Mr. Cabrera said that he had qualified for unemployment compensation starting in April but that “little cushion” had ended, making it a challenge to cover rent and car payments while he pursues a bachelor’s degree in communications. He has financial aid for tuition.

“The pressure I’m under right now is kind of overwhelming,” he said, “especially with how uncertain things are right now.”

Some welcome news came earlier this month, when one of his old bosses said he could return to his barista job working four or five nights a week. Mr. Cabrera said that he was grateful but that he still planned to keep his business going on the side.

Sabrina Surgil, a senior at Vassar College, had been reading tarot cards for herself, relatives and friends for about three years. It wasn’t until this summer, however, that she was inspired to use her hobby to deal with financial troubles.

“I have to pay bills and help support my family, too, and help pay my fees and tuition, and it’s just — money comes first, not my education,” she said. “Which is frustrating, but just the situation as a low-income student.” Ms. Surgil, 21, is a senior with a double major in history and French.

Through her Etsy shop — the Sun, the Star, and the Moon Tarot Readings — she offers appointments with social distancing included. Customers can opt for a taped reading or a live one online. They ask to know about life, love and past lives.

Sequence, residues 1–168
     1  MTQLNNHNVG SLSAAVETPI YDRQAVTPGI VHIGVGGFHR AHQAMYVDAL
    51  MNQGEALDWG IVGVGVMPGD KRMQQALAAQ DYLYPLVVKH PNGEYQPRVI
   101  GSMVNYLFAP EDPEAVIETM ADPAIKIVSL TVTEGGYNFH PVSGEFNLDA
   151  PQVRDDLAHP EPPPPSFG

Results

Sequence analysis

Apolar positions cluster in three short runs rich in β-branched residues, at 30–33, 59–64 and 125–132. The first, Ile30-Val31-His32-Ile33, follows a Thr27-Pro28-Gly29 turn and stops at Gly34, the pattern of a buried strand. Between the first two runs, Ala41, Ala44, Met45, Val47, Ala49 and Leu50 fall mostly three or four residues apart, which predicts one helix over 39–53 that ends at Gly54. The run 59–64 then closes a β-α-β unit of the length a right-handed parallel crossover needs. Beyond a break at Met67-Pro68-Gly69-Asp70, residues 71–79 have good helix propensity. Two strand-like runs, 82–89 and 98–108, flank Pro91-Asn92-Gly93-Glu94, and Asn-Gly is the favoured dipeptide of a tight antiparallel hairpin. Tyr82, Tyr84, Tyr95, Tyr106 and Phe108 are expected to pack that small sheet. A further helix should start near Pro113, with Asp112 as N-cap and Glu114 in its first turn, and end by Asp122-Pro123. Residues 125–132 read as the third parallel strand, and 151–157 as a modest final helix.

Tarot reading is a “tool to reflect back deep truths about yourself that we already know,” Ms. Surgil said. She spreads the word on Instagram and TikTok.

A TikTok user from Georgia contacted Ms. Surgil and ended up getting all of her friends to ask for readings.

“I don’t quite understand TikTok or its algorithm,” Ms. Surgil said, “but some videos will get a lot of views and then direct people to my Etsy.”

She said she gives some of the money to Covid-19 relief and other causes and also helps her family with financial problems related to the pandemic.

While people often think of parents supporting college students, the reverse is not unusual, and coronavirus has exacerbated the need, said Sara Goldrick-Rab, a sociology professor at Temple University whose expertise includes higher education policy.

“We really like to think of college students as privileged,” Dr. Goldrick-Rab said. “It’s easier on our brains. You picture them with Mom and Dad dropping them off with a ton of stuff from Ikea, and then they go to the cafeteria, and party at night. We cling to that, and policymakers are completely stuck on it, even though it has almost no resemblance in reality.”

Courtney Brunson, 20, had been planning to work as a resident adviser on campus at Clemson University over the summer, but soon after she went home early to Florence, S.C., in March, she learned that the job had gone away.

“I really don’t want to be out and about working around people, and the numbers are not going down at all,” she said. She is a junior majoring in management.